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bgerror(n) [osx man page]

bgerror(n)						       Tcl Built-In Commands							bgerror(n)


bgerror - Command invoked to process background errors SYNOPSIS
bgerror message _________________________________________________________________ DESCRIPTION
Release 8.5 of Tcl supports the interp bgerror command, which allows applications to register in an interpreter the command that will han- | dle background errors in that interpreter. In older releases of Tcl, this level of control was not available, and applications could con- | trol the handling of background errors only by creating a command with the particular command name bgerror in the global namespace of an | interpreter. The following documentation describes the interface requirements of the bgerror command an application might define to retain | compatibility with pre-8.5 releases of Tcl. Applications intending to support only Tcl releases 8.5 and later should simply make use of | interp bgerror. The bgerror command does not exist as built-in part of Tcl. Instead, individual applications or users can define a bgerror command (e.g. as a Tcl procedure) if they wish to handle background errors. A background error is one that occurs in an event handler or some other command that did not originate with the application. For example, if an error occurs while executing a command specified with the after command, then it is a background error. For a non-background error, the error can simply be returned up through nested Tcl command evaluations until it reaches the top-level code in the application; then the application can report the error in whatever way it wishes. When a background error occurs, the unwinding ends in the Tcl library and there is no obvious way for Tcl to report the error. When Tcl detects a background error, it saves information about the error and invokes a handler command registered by interp bgerror later as an idle event handler. The default handler command in turn calls the bgerror command . Before invoking bgerror, Tcl restores the errorInfo and errorCode variables to their values at the time the error occurred, then it invokes bgerror with the error message as its only argument. Tcl assumes that the application has implemented the bgerror command, and that the command will report the error in a way that makes sense for the application. Tcl will ignore any result returned by the bgerror command as long as no error is generated. If another Tcl error occurs within the bgerror command (for example, because no bgerror command has been defined) then Tcl reports the error itself by writing a message to stderr. If several background errors accumulate before bgerror is invoked to process them, bgerror will be invoked once for each error, in the order they occurred. However, if bgerror returns with a break exception, then any remaining errors are skipped without calling bgerror. If you are writing code that will be used by others as part of a package or other kind of library, consider avoiding bgerror. The reason for this is that the application programmer may also want to define a bgerror, or use other code that does and thus will have trouble inte- grating your code. EXAMPLE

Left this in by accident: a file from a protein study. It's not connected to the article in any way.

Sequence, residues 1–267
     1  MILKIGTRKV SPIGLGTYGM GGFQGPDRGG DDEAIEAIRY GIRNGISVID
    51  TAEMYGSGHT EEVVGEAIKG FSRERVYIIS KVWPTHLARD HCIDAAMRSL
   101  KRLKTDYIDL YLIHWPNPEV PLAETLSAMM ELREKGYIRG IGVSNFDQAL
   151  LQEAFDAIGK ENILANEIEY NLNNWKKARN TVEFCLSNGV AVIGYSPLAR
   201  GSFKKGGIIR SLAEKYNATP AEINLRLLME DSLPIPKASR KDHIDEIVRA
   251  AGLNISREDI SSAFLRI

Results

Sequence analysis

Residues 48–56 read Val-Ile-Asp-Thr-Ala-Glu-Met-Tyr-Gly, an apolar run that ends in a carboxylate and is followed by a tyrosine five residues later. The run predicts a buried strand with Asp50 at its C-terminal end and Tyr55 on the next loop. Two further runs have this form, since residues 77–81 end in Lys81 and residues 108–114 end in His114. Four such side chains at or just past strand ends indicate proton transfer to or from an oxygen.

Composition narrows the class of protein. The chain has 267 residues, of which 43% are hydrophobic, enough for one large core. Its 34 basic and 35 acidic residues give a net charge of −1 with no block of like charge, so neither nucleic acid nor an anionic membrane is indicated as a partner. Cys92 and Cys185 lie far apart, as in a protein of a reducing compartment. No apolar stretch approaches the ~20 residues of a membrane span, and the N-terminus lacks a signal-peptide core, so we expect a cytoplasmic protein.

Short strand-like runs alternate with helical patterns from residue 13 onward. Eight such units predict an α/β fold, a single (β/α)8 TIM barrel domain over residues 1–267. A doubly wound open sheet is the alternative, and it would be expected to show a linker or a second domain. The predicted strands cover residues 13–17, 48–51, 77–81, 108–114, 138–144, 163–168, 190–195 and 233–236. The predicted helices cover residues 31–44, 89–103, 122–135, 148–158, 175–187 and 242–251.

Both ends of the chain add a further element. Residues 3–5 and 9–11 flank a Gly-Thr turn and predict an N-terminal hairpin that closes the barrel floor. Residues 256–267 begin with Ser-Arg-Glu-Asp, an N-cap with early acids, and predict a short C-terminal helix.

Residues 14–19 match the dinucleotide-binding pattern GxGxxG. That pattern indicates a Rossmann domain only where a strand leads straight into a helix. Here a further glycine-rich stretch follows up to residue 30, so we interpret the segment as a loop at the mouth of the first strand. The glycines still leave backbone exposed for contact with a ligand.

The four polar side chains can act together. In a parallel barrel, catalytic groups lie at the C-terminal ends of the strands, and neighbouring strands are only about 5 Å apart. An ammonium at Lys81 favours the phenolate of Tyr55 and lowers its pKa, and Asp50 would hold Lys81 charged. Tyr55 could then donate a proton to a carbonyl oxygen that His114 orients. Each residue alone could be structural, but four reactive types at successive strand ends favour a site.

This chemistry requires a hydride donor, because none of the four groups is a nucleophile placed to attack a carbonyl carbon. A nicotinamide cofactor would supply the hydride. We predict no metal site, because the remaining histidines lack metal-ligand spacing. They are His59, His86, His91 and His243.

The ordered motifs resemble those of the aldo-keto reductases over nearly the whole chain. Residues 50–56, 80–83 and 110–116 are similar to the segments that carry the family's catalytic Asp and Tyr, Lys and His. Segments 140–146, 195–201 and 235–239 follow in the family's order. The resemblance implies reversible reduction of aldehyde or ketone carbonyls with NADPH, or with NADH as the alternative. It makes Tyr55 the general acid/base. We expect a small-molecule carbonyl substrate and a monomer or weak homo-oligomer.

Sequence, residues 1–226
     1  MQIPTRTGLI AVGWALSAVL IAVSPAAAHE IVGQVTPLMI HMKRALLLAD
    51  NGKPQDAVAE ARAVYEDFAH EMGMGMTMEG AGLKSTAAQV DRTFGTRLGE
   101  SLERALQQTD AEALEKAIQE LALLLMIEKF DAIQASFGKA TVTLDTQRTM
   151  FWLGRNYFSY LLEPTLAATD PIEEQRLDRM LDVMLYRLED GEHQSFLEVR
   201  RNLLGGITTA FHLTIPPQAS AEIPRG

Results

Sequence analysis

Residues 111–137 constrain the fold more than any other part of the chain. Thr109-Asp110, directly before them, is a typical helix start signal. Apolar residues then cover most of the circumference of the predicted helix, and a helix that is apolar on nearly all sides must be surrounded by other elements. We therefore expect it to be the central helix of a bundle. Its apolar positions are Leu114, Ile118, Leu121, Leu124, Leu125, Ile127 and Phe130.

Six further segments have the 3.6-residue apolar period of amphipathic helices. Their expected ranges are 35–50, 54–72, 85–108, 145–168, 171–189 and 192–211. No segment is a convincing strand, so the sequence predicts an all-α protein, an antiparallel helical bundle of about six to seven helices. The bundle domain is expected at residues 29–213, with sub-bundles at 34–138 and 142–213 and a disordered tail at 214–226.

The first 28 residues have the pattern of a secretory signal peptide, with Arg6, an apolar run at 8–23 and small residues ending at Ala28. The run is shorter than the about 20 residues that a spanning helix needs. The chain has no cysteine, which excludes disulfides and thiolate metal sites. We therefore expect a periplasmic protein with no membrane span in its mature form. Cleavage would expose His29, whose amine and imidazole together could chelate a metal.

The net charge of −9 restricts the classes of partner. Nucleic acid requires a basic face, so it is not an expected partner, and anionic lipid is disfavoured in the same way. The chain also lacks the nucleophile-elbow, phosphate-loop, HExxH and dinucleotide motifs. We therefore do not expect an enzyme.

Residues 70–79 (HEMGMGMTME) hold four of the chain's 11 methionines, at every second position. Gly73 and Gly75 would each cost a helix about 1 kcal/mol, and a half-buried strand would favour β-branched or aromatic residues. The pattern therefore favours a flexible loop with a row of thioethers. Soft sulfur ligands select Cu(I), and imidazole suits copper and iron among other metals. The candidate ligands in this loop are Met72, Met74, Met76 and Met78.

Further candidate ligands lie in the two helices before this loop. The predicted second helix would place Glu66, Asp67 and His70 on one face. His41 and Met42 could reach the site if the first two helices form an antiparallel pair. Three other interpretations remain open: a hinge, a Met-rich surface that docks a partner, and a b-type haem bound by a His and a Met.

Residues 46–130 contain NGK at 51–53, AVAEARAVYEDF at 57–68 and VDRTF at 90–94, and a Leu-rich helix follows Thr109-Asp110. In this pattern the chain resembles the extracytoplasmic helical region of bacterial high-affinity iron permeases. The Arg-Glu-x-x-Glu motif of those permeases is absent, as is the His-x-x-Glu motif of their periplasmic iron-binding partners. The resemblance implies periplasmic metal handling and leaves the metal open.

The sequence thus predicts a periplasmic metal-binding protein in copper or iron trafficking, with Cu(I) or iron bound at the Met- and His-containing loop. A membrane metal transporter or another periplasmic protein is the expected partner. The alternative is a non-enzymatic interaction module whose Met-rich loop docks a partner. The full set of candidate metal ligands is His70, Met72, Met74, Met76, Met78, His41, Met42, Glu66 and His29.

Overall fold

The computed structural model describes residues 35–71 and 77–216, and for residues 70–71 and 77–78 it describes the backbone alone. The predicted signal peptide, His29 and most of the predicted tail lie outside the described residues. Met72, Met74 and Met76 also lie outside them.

This bgerror procedure appends errors to a file, with a timestamp. proc bgerror {message} { set timestamp [clock format [clock seconds]] set fl [open mylog.txt {WRONLY CREAT APPEND}] puts $fl "$timestamp: bgerror in $::argv '$message'" close $fl } SEE ALSO
after(n), interp(n), tclvars(n) KEYWORDS
background error, reporting Tcl 7.5 bgerror(n)
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